Have you heard of Kalief Browder? If you haven't, you really need to.
Imagine being put in jail for three years without a trial for a crime you didn't commit. At the age of 16.
You're a 16-year-old kid, a sophomore in high school, coming home from a party.
You're a 16-year-old kid. Some officers stop you and accuse you of stealing a backpack from a stranger. They arrest you with no evidence. They have no backpack, no fingerprints, and you have an alibi. They take you to Rikers Island.
You're a 16-year-old kid. You can't afford $10,000 in bail and neither can your family. You sit in Rikers Island prison. Waiting for a trial date. During your entire sophomore year of high school.
You're a 16-year-old kid. You are in a high security prison. You are abused by guards and inmates alike. Without a trial date. For almost three years.
You don't have to imagine it. Many kids have gone through this.
On May 14, 2010, 16-year-old Kalief Browder was picked up, and he was held, without trial, for 33 months in one of the most dangerous prisons in America without evidence.
He was then released without charges — after five-six suicide attempts, after spending over 800 days in solitary confinement, and after The New Yorker exposed brutal beatings at the hands of the prison guards and prisoners.
For Kalief, leaving prison didn't make things better.
On June 6, 2015, after struggling from trauma and mental health issues stemming from three years locked up in a hole for a crime he didn't commit, Kalief died by suicide. He hung himself out his home's second-story window using the cord from an air conditioner. Make no mistake, the system broke him. And he's not the only victim.
There are over 400 others just like Kalief currently trapped on Rikers Island without justice.
According to a powerful (and disturbing) New York Times story, something that should be illegal in America has become the norm:
So how the hell do we prevent this from happening in the future?
In Kalief's case, there was no evidence of him stealing a backpack. There was no risk that he would harm anyone. He shouldn't have had to live in a 7-by-12 cell without a trial for three years simply because he couldn't afford bail. He was 16 years old when New York upended his life. A kid.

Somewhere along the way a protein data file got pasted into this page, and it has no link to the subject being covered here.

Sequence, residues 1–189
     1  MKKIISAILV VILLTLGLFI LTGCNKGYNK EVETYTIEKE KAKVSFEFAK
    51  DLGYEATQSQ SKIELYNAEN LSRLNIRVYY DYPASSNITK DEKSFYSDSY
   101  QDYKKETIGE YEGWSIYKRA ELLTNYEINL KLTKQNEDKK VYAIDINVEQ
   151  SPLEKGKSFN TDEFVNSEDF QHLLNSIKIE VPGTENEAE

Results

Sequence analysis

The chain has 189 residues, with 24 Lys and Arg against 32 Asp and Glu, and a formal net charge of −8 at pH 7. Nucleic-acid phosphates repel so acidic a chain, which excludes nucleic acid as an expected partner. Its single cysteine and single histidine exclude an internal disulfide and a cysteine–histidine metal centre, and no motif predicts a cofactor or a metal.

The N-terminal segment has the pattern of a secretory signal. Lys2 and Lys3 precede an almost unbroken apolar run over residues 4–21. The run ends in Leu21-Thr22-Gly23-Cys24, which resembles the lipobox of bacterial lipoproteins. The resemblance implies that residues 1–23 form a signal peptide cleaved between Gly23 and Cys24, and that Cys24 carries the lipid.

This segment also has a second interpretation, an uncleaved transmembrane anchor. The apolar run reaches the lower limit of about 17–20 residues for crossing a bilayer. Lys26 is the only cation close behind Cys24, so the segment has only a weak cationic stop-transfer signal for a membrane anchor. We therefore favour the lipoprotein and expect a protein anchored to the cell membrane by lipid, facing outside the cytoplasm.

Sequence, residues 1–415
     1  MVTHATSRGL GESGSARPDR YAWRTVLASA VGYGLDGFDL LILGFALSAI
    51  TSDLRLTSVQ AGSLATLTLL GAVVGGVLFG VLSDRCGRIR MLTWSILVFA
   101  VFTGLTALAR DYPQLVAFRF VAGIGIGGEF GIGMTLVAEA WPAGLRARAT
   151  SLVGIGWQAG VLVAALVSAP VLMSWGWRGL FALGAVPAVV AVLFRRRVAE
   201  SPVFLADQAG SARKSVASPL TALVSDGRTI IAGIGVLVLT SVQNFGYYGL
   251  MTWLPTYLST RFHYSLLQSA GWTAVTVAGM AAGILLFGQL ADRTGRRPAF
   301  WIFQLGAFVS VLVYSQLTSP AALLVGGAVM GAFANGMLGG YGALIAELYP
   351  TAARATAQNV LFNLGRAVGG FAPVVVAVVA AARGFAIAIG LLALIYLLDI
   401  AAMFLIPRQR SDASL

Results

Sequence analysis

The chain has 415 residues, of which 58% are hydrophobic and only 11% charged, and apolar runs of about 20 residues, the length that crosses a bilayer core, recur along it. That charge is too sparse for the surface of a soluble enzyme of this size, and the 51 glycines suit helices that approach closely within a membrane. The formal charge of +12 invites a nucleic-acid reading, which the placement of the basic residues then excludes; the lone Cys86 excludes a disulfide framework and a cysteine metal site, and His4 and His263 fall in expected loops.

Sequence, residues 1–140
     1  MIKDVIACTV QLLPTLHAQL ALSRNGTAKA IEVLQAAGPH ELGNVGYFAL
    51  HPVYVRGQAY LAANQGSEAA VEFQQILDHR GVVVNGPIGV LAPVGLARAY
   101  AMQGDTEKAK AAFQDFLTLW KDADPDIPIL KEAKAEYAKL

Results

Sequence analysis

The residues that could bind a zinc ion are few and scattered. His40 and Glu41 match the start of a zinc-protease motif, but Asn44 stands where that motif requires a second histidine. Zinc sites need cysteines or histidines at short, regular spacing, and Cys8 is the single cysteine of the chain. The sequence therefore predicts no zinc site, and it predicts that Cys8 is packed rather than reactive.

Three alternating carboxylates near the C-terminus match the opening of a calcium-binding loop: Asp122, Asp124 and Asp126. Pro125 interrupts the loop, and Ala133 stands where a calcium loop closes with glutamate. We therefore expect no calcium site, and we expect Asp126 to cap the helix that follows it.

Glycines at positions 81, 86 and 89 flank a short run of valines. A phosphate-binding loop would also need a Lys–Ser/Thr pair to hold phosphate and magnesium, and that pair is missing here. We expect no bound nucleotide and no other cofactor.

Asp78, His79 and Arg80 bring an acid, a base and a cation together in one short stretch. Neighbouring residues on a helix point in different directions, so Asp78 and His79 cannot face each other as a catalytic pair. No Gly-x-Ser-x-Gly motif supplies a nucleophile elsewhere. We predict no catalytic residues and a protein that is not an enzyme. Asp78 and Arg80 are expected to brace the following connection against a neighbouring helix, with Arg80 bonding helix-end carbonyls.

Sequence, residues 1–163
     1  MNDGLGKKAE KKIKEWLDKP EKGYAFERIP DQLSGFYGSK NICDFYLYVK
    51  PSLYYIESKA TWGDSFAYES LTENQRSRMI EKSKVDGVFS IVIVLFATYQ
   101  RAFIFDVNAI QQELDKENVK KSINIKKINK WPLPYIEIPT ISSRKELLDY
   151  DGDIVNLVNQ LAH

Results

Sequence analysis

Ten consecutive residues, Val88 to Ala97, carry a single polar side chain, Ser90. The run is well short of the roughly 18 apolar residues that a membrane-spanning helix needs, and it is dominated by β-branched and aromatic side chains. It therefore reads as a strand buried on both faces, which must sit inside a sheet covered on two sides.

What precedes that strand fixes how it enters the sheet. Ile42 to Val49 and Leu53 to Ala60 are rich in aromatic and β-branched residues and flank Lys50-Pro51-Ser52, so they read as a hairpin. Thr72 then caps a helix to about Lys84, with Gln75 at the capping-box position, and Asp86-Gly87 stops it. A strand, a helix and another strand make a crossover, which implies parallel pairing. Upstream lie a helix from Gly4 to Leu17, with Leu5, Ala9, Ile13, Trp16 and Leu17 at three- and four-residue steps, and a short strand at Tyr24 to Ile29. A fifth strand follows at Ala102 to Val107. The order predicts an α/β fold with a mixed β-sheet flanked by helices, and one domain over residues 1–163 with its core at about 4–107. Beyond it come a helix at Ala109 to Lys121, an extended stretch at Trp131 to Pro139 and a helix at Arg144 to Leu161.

The Pretrial Justice Institute is fighting to prevent more stories like Kalief's. The first step, which has been successful in Washington, D.C., is to overhaul bail.
Most of the people in jail haven't had a trial yet and many are too poor to afford bail.
Jail, which is used for sentences under a year and for people awaiting trial, is actually mostly used for people who haven't had their day in court yet. This is different from prison, which is where people go for extended periods of time after they've been sentenced. It's unfair to the accused and an expensive waste of taxpayer money.
Being poor, statistically, puts you at much greater risk of going away for a long time.
Being in jail for a crime you haven't yet been convicted of can take a toll on your life.
At Rikers Island, some people can wait years for a trial. They get so desperate they plead guilty just to get out sooner.
But! There's a better way to handle this. Replace bail with something called "pretrial risk assessment."
It works like this:
People are evaluated on their risk factors. Those who are deemed a threat stay behind bars. Those who aren't likely to commit a crime while awaiting their court date are sent home with supervision.
Using supervision rather than jail is much less expensive for taxpayers and much more humane.
Here's how much it costs per day:
Risk Assessment is already working in Washington, D.C.
In 2011, only 20% of defendants were held in jail. 88% never missed a single court date. Only 12% had another arrest while awaiting trial. And only 1% of those released committed a violent crime while waiting for trial.
Imagine a world where people of all income levels were treated fairly in the court of law.
They have a petition for the end of cash bail that you could sign that will be heading to Governor Cuomo's office.
Let's make sure we never see a 16-year-old kid have to say these words again:
You can watch an in-depth interview with Kalief prior to his death here, and you can learn more about Kalief's life and death from the reporter who covered his story. And you can also read The New Yorker's powerful obituary for Kalief.